American College of Sports Medicine
Medicine & Science in Sports & Exercise
Purpose The purpose of this study was to determine whether supraspinal mechanisms contribute to the sex difference in fatigability during and recovery from a dynamic and isometric fatiguing task with the knee extensors.
Methods: Transcranial magnetic stimulation and electrical stimulation were used to determine voluntary activation and contractile properties of the knee extensors in 14 men and 17 women (20.8 ± 1.9 yr) after a 1) 60-s sustained, maximal voluntary isometric contraction (MVIC), and 2) dynamic fatiguing task involving 120 maximal voluntary concentric contractions with a 20% MVIC load.
Results: There were no differences between men and women in the reduction of maximal torque during the sustained MVIC (54.4% ± 18.9% vs 55.9% ± 11.2%, P = 0.49) or in the decrease in power during the dynamic fatiguing task (14.7% ± 20.1% vs 14.2% ± 18.5%, P = 0.92). However, MVIC torque recovered more quickly for women than men after the sustained MVIC and the dynamic task (P < 0.05). The transcranial magnetic stimulation–elicited superimposed twitch was larger for men than for women during the sustained MVIC and in recovery (immediately post, R0.1: 4.7% ± 3.3% vs 2.4% ± 1.9% MVIC; P = 0.02), with no sex difference after the dynamic task (P = 0.35). The reduction in resting twitch amplitude was larger for men than for women immediately after the dynamic task (37% ± 22% vs 23% ± 18%; P = 0.016) with no sex difference after the sustained MVIC (64% ± 16% vs 67% ± 11%; P = 0.46).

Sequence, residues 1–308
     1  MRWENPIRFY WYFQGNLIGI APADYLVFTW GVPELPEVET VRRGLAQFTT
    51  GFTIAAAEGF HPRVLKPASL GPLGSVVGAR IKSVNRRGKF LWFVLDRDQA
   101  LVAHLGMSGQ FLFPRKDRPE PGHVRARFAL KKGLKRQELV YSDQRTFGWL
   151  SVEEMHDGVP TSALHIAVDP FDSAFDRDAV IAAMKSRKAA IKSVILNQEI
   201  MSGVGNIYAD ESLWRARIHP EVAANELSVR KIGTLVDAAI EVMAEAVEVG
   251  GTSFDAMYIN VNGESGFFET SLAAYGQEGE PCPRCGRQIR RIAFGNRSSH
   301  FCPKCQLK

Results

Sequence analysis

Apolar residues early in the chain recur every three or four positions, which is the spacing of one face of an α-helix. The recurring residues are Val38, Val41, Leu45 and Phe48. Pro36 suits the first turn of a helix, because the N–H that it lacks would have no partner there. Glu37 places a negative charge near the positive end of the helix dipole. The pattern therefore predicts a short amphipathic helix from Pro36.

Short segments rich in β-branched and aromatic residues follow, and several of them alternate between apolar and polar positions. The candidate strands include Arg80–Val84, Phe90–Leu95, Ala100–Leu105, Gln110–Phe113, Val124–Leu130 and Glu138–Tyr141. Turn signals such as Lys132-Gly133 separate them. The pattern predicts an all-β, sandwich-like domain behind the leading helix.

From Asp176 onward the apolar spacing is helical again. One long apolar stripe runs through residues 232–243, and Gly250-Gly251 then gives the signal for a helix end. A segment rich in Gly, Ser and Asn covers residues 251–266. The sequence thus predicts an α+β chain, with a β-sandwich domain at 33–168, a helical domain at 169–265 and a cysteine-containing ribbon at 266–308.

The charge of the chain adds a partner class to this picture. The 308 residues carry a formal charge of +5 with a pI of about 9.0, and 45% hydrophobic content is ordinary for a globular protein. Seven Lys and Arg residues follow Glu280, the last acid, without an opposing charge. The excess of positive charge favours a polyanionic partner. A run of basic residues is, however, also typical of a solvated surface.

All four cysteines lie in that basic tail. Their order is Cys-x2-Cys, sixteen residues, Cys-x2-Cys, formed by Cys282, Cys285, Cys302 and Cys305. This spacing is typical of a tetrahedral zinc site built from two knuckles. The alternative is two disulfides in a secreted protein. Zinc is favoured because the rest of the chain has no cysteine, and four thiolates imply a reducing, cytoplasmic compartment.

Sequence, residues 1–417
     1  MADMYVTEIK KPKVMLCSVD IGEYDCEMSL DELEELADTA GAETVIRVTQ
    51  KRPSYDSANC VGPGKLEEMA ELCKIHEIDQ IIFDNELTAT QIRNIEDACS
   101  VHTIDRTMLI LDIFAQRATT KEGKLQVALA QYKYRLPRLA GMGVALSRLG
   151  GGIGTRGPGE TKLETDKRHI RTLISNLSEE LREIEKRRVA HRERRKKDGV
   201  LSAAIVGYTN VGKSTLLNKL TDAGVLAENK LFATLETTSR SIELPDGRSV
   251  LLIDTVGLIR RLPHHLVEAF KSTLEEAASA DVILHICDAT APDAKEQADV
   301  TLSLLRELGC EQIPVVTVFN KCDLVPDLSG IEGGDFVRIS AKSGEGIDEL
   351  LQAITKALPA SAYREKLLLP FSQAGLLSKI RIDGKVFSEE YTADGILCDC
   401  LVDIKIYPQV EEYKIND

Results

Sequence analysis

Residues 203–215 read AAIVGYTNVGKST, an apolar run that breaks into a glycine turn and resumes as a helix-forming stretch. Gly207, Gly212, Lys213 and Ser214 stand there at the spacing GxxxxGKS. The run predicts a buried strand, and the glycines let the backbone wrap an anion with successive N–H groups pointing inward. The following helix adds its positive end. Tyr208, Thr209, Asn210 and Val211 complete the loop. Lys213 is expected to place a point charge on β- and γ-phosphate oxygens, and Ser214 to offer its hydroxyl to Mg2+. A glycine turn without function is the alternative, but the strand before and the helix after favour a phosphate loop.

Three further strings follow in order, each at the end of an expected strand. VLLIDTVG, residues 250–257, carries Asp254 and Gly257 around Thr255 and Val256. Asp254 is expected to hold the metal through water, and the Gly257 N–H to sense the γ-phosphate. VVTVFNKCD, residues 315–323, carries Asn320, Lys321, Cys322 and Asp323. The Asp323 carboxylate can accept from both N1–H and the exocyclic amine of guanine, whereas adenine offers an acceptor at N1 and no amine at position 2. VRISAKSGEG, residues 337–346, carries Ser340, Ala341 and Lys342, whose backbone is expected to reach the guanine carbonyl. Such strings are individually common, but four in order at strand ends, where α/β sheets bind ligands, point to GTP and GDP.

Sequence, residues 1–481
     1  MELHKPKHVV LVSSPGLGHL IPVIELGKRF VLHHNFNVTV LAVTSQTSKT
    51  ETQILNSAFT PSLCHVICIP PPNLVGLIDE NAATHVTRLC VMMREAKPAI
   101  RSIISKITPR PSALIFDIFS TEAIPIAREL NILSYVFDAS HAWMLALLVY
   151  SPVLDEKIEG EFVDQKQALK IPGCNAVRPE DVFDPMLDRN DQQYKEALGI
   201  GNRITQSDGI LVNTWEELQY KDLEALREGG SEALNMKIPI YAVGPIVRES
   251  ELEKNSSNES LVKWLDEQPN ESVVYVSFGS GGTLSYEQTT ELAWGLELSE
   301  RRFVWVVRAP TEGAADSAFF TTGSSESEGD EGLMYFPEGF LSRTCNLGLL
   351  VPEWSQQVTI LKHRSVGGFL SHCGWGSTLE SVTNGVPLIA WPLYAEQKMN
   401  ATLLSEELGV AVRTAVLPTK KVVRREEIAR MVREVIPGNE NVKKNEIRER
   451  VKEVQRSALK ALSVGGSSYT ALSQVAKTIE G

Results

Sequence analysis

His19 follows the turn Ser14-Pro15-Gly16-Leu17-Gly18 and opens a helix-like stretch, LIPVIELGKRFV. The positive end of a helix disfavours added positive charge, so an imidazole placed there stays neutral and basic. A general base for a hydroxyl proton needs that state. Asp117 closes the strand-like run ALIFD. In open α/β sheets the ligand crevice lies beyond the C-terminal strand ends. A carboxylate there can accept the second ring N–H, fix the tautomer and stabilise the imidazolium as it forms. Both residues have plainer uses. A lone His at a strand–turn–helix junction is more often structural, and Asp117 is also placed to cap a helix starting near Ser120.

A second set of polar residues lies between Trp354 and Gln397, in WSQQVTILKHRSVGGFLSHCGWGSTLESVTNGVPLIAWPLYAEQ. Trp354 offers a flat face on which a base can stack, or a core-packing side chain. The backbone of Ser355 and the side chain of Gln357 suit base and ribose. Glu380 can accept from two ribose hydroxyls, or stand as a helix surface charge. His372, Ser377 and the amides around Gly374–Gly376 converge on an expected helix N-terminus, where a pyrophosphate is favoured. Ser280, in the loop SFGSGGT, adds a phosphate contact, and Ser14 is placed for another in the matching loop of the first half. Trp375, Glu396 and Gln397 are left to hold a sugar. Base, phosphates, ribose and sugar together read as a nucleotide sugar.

Conclusions: Supraspinal fatigue contributed to fatigability of the knee extensors more for men than for women after a maximal isometric task, whereas contractile mechanisms explained the sex difference in torque recovery after the fast-velocity dynamic task. The mechanisms for the sex difference in fatigability are task dependent.
Senefeld, Jonathon; Pereira, Hugo M.; Elliott, Nicholas; Yoon, Tejin; and Hunter, Sandra K., "Sex Differences in Mechanisms of Recovery after Isometric and Dynamic Fatiguing Tasks" (2018). Exercise Science Faculty Research and Publications. 143.
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